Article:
ExtremeLives is a demonstration of one of UNDP’s core approaches to preventing violent extremism: namely through the lens of development. The ExtremeLives team came into Season 4 with a renewed sense of vision for the upcoming series and a series of goals: 

  • Further hone content for a youth target audience in Asia, including updating the visual identity for the series

  • Improve localisation through nurturing CSO, charity, or youth-group partnerships

  • Investigate methods to ensure the impact of future campaigns and videos can be measured.

One of the biggest challenges was ensuring that the videos were relevant to the context of the implementing countries for the season: Sri Lanka and the Maldives.

Chain of islands in Baa Atoll 🏝🌴_edited.

The Maldives

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The Maldives is made up of 1,200 islands, but the population is concentrated on only a few, with most Maldivians living in the capital, Male. Overcrowding and housing instability force youth to spend much of their time on the streets where they can fall prey to drugs and recruitment into gangs. The Maldives has an abnormally high incarceration rate, and much of this is due to disproportionately high rates of drug usage and gang activity. Almost all of those who have gone to Syria and Iraq are believed to have had encounters with the justice sector or prison system, and to have some connection to drugs.

Content needed to be tailored to different contexts

Like the train, the bus is definitely a

Sri Lanka

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Between a decades-long civil war to the Easter Attacks in 2019, Sri Lanka has been the site of much violence and deep-seated religious and ethnic cleavages. In the aftermath of violence, social media platforms, particularly Facebook, have been criticized for not monitoring hate speech more closely to ensure that the platform does not facilitate or foment violence and extremism. There are therefore deep-seated misconceptions, stereotypes, prejudices, and mistrust that remain in this diverse society as a result of the civil war and ongoing communal violence.  

Different contexts means different priorities

Through consultations with behaviour science experts, researchers and academics, civil society organisations and UNDP Country Office experts, themes were identified for the upcoming season: drug use, incarceration, gender inequality, conflict-related trauma and resentment, digital polarisation, and cross-cultural relationships. Protagonists for the videos were suggested by a network of local organisations who also helped shape the narrative of each video:




Each video narrative arc told a story of transformation: we provided space for the protagonists to outline the personal and social challenges they were facing, before showing how their participation in activities such as volunteering, sports or the arts supported them. The videos also focused on creating an emotional connection to the protagonist, showing how turning for support to friends, relatives, and mentors was a positive step in the right direction.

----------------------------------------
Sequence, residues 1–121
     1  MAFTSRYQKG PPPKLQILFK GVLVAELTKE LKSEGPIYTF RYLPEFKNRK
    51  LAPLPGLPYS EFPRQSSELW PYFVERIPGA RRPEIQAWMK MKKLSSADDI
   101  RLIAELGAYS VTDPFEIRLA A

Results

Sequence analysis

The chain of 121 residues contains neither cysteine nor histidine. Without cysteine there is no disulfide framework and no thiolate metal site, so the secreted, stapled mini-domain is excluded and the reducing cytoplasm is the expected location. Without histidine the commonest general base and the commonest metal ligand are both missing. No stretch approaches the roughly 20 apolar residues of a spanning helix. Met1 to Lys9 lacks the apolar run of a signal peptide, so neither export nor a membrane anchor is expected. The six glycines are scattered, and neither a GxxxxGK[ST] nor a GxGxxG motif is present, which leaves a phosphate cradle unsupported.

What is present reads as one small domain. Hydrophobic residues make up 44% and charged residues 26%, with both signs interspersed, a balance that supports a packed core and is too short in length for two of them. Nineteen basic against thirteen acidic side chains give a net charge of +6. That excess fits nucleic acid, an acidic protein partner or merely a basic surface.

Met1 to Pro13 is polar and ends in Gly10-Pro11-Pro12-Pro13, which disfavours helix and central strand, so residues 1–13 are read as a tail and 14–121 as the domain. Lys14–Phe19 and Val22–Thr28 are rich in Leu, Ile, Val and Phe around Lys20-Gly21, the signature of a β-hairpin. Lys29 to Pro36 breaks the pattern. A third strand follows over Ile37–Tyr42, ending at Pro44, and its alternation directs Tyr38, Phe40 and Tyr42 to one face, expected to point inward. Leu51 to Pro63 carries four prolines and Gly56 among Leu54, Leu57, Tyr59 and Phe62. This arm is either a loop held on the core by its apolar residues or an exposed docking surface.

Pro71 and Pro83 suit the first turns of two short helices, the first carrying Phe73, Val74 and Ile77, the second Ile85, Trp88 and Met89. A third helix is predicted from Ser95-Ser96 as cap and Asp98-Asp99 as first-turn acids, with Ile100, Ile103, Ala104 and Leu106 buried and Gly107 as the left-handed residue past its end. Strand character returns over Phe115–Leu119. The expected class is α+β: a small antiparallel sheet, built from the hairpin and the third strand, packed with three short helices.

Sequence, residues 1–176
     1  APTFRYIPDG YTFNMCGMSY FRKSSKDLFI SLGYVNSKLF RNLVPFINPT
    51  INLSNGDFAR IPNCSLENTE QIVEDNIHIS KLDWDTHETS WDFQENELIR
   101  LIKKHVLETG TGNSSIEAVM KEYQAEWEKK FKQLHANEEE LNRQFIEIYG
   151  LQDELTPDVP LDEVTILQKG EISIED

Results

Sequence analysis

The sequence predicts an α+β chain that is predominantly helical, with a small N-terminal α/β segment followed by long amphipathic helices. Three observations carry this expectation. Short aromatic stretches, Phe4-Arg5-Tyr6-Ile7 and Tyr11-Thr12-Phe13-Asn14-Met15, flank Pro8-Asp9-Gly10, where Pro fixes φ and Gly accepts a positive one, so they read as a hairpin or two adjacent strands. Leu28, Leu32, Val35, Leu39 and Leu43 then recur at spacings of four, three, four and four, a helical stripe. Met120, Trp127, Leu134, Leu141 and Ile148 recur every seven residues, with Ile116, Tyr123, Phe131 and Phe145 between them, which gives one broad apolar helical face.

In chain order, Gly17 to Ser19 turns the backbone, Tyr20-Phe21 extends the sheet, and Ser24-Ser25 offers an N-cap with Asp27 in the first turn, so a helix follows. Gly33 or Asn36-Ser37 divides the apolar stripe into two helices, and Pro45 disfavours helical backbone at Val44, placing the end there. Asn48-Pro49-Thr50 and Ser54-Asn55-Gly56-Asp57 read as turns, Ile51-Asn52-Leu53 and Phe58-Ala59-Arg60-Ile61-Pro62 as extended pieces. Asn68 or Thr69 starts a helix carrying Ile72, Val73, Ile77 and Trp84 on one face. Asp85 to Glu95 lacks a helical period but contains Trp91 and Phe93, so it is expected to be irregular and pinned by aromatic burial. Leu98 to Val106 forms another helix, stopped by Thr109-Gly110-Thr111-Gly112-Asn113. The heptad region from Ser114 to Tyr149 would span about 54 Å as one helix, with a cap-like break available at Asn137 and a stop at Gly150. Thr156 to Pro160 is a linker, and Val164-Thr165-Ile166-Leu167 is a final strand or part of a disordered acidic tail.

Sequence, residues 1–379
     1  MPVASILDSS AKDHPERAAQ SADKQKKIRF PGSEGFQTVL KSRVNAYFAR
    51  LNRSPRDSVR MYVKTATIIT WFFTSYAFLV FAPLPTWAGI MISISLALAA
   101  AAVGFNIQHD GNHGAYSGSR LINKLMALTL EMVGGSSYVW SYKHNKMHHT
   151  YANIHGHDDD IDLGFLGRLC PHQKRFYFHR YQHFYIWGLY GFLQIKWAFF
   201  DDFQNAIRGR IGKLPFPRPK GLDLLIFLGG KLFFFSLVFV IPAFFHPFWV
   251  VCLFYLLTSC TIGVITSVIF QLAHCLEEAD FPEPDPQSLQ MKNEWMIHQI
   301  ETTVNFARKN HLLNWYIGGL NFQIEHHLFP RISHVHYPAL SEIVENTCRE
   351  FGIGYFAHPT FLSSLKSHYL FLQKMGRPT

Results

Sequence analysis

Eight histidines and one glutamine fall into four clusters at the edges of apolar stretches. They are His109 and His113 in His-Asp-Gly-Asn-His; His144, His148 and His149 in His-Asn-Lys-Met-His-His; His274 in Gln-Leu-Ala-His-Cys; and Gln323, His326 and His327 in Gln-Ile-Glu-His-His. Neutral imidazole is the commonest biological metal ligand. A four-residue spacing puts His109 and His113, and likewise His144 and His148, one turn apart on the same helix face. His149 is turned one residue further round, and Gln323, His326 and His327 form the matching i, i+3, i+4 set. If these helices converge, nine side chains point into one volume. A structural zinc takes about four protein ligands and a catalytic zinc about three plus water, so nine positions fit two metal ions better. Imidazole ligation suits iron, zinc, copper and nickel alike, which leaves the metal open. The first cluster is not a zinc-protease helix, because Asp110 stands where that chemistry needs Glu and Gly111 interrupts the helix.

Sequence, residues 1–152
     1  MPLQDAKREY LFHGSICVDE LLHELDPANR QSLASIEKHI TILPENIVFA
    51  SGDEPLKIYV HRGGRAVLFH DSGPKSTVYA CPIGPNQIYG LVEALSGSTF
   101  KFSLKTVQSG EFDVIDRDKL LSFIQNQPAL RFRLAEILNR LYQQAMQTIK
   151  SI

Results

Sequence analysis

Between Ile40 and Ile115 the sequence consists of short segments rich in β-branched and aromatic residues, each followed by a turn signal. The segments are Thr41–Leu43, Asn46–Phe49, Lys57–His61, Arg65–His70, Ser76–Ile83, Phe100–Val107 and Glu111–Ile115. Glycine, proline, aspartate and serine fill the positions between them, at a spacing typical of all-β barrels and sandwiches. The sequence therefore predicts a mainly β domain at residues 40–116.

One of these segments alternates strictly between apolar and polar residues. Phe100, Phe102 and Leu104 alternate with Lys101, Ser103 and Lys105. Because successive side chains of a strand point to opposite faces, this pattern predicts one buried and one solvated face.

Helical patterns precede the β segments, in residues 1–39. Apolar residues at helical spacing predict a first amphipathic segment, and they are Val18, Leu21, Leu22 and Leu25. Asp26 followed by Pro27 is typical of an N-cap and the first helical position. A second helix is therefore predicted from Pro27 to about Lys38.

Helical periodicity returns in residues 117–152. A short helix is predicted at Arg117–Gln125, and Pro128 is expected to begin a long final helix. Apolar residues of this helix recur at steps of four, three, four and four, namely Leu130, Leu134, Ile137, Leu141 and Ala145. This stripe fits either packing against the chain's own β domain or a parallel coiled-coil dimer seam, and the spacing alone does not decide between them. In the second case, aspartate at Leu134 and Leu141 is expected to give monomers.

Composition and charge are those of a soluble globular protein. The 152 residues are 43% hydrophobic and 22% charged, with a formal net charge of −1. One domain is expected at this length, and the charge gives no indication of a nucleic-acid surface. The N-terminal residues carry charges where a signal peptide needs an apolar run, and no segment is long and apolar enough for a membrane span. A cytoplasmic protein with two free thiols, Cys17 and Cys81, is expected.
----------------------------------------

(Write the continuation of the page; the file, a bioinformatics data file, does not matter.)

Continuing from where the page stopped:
This then promoted two key behaviours from our audience that also provide entry points for intervention: to consider extra-curricular activities that provide a sense of purpose, and to consider speaking more openly about life challenges with someone they trust.

Stories that promoted a sense of connection and belonging

All protagonists were under the age of 35 for a youth-focused audience

Imagery to promote reflection and personal stories

Watch the videos here.




A new logo and visual identity for the project was developed, focusing on the concept of storytelling through moments of reflection, the challenges of those affected by extremism face, and to demonstrate diversity through different identities and labels.


The concept of water, reflections, and masks was explored to develop a new logo form: an abstraction of a face and its reflection a distorted form reminiscent of wavelets in water. To contrast the logo's minimalism, neon bursts of green provide a youthful and arresting colour scheme to ensure audience attention is captured on social media.


This neon green colour was carried forward into the animations developed for the videos themselves to ensure cohesion. As a youthful series, the incorporation of animation set the tone for the story and also provided a creative outlet to visually represent important aspects of the protagonist's stories.

EL_Logo-primary portrait white.png

Target audience-appropriate style

Turbulence and indecision when it comes to identity.

TV static hinting towards the project's focus on video




The videos were watched for over 200,000 minutes in the last two months, and received overwhelmingly positive engagement with over 5,700 comments, likes, and shares. But social media metrics only go so far. It doesn’t get us to the root of understanding whether the audience’s mind has been changed.


We therefore developed a digital pre-and post-exposure survey, using gamification approaches. Gamification cuts through the noise of the attention economy. It helps ensure we keep audiences engaged.

To provide an incentive, we also promised something to our audiences: that they would learn something new about themselves, namely their locus of control, or how in control they felt about their life trajectories.